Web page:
Unfortunately, too many bones, bully sticks, and rawhides may lead to constipation, especially if a dog ingested large chunks of the treats. The pieces are going to pass through the digestive system and might not get broken down along with the rest of their food.

As a result, the dog might have a hard time defecating.

Monitor your dog to ensure that they’re not nibbling too much on the chew treats in one setting. Give them at least 30 minutes to one hour of chewing time. You should only allow your dog to have bully sticks or rawhides two or three times a week.

In addition, you can give your doggo one to two raw bones weekly, and you might like to read our post, How Long Can a Dog Chew a Bone For? (Answered)

Husky eating bone

2.   Pathogen and Bacterial Contamination

Raw bones, bully sticks, and rawhides might get contaminated with bacteria and pathogens, such as Salmonella, E. coli, and Listeria. These pathogens can make a dog sick—even more so if he consumes more than the recommended amount.

On top of that, humans in the household who come in contact with the chew treats may also be at risk.

What’s more, bully sticks contain a chemical preservative called Sodium Metabisulfite. The U.S. Food and Drug Administration, or FDA, deemed the chemical as not safe for meat products.

3.   Choking and Intestinal Damage

Giving a dog too many edible treats can increase the risk of intestinal blockage and choking. Large pieces of hard treats, like bully sticks and rawhides, can get stuck in his esophagus and digestive tract.

A vet can remove the blockages through the throat. Sometimes though, the dog needs to undergo abdominal surgery to remove the pieces from his intestines or stomach.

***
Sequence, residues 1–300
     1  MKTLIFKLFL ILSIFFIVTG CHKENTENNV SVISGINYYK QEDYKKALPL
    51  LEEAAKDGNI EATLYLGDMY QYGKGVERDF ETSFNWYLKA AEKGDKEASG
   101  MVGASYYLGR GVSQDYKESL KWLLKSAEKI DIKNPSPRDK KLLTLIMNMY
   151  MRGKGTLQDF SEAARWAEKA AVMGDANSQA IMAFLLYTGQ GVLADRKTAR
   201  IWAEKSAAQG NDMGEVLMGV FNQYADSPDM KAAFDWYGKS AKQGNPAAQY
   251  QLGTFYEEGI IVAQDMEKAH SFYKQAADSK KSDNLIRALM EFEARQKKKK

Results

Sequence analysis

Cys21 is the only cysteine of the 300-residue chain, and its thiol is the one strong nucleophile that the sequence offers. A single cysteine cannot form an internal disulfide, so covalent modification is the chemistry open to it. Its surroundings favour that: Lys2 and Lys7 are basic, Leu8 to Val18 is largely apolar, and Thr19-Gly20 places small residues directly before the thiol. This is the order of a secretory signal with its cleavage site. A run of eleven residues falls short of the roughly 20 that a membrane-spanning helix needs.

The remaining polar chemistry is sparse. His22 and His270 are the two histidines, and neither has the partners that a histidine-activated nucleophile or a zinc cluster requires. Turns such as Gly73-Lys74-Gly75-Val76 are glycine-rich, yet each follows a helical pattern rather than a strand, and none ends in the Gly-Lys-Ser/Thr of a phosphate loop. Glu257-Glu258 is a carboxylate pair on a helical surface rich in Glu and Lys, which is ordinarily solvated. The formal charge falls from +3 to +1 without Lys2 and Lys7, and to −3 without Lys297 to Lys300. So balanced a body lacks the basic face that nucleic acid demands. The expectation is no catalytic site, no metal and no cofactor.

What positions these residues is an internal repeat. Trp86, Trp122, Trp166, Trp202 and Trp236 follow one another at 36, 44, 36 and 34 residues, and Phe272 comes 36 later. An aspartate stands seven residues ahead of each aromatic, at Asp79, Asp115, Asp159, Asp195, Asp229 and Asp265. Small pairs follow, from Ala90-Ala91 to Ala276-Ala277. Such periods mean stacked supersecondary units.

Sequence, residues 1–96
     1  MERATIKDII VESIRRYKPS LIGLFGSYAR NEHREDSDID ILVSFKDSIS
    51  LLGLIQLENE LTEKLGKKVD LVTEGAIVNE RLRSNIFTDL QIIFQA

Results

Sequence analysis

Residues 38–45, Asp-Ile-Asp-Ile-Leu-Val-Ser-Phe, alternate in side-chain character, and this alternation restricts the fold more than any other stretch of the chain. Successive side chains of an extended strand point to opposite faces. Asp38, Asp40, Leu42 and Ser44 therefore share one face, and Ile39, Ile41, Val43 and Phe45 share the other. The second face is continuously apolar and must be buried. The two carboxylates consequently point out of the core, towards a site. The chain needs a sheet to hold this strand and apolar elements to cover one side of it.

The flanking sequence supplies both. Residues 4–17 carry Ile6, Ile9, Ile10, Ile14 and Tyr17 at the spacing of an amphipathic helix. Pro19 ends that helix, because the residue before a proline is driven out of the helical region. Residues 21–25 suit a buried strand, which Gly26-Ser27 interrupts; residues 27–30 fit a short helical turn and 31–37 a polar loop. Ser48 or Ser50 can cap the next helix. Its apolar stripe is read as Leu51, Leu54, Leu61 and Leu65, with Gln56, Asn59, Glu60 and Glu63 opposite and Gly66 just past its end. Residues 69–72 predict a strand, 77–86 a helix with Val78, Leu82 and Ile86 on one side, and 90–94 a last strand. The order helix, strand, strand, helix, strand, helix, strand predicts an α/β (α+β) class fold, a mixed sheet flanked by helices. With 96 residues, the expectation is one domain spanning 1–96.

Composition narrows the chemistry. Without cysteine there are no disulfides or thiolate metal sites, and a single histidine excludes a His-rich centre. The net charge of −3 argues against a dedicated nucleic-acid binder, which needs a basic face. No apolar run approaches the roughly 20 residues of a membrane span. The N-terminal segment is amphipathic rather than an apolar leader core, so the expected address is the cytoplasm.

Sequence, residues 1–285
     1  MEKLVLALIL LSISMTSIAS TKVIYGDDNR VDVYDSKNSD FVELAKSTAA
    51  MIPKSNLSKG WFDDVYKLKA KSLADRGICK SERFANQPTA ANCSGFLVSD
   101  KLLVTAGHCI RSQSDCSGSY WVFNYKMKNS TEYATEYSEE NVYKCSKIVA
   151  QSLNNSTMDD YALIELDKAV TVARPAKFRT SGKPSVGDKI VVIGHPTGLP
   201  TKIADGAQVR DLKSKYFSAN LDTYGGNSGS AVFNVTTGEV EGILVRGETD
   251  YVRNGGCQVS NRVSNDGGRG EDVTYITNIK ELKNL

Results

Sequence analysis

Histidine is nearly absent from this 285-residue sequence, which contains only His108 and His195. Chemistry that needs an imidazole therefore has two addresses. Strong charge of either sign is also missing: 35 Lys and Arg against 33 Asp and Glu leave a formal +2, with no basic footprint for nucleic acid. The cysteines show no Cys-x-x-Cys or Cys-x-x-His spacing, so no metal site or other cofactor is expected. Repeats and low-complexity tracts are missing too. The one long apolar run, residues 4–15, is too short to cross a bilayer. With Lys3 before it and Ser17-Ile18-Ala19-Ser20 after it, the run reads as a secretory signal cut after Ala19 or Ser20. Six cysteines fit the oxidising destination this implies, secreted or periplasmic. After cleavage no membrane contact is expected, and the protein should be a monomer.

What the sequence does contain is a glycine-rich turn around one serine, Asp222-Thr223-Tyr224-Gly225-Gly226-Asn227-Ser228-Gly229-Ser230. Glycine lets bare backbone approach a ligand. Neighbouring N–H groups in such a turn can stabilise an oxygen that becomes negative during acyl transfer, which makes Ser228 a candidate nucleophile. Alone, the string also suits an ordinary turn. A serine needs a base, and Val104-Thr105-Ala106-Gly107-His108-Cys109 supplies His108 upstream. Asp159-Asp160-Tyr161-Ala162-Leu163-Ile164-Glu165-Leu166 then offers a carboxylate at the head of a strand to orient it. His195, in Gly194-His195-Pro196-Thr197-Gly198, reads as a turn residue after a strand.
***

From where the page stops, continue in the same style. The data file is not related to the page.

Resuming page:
Not just that, but raw bones can also break into sharp shards that can cause damage to a dog’s stomach and intestinal lining. Worse, the bone fragments might penetrate the walls of the stomach and intestines and cause an abdominal infection called Peritonitis.

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4.   Mouth and Tongue Injuries

Giving your dog too many chew treats, especially rawhides and bones, isn’t always a good idea. Bones might splinter the dog’s cheek, tongue, palate or the roof of their mouth.

Plus, bones can be hard to chew. A dog might even break one of their teeth.

Moreover, rawhides can break into sharp shards as well. That’s why rawhide treats can cause the same injuries as raw bones.

When Should I Worry About Dog Panting?

Dog panting

Generally, a dog’s panting is associated with his cooling mechanism, otherwise known as thermoregulation. Panting may also be his way of telling his owner that he’s stressed, anxious, and uncomfortable.

However, some dog breeds with short snouts are naturally heavy breathers. Some examples include Pugs, Boxers, Shih Tzus, Bull Mastiffs, and Boston Terriers.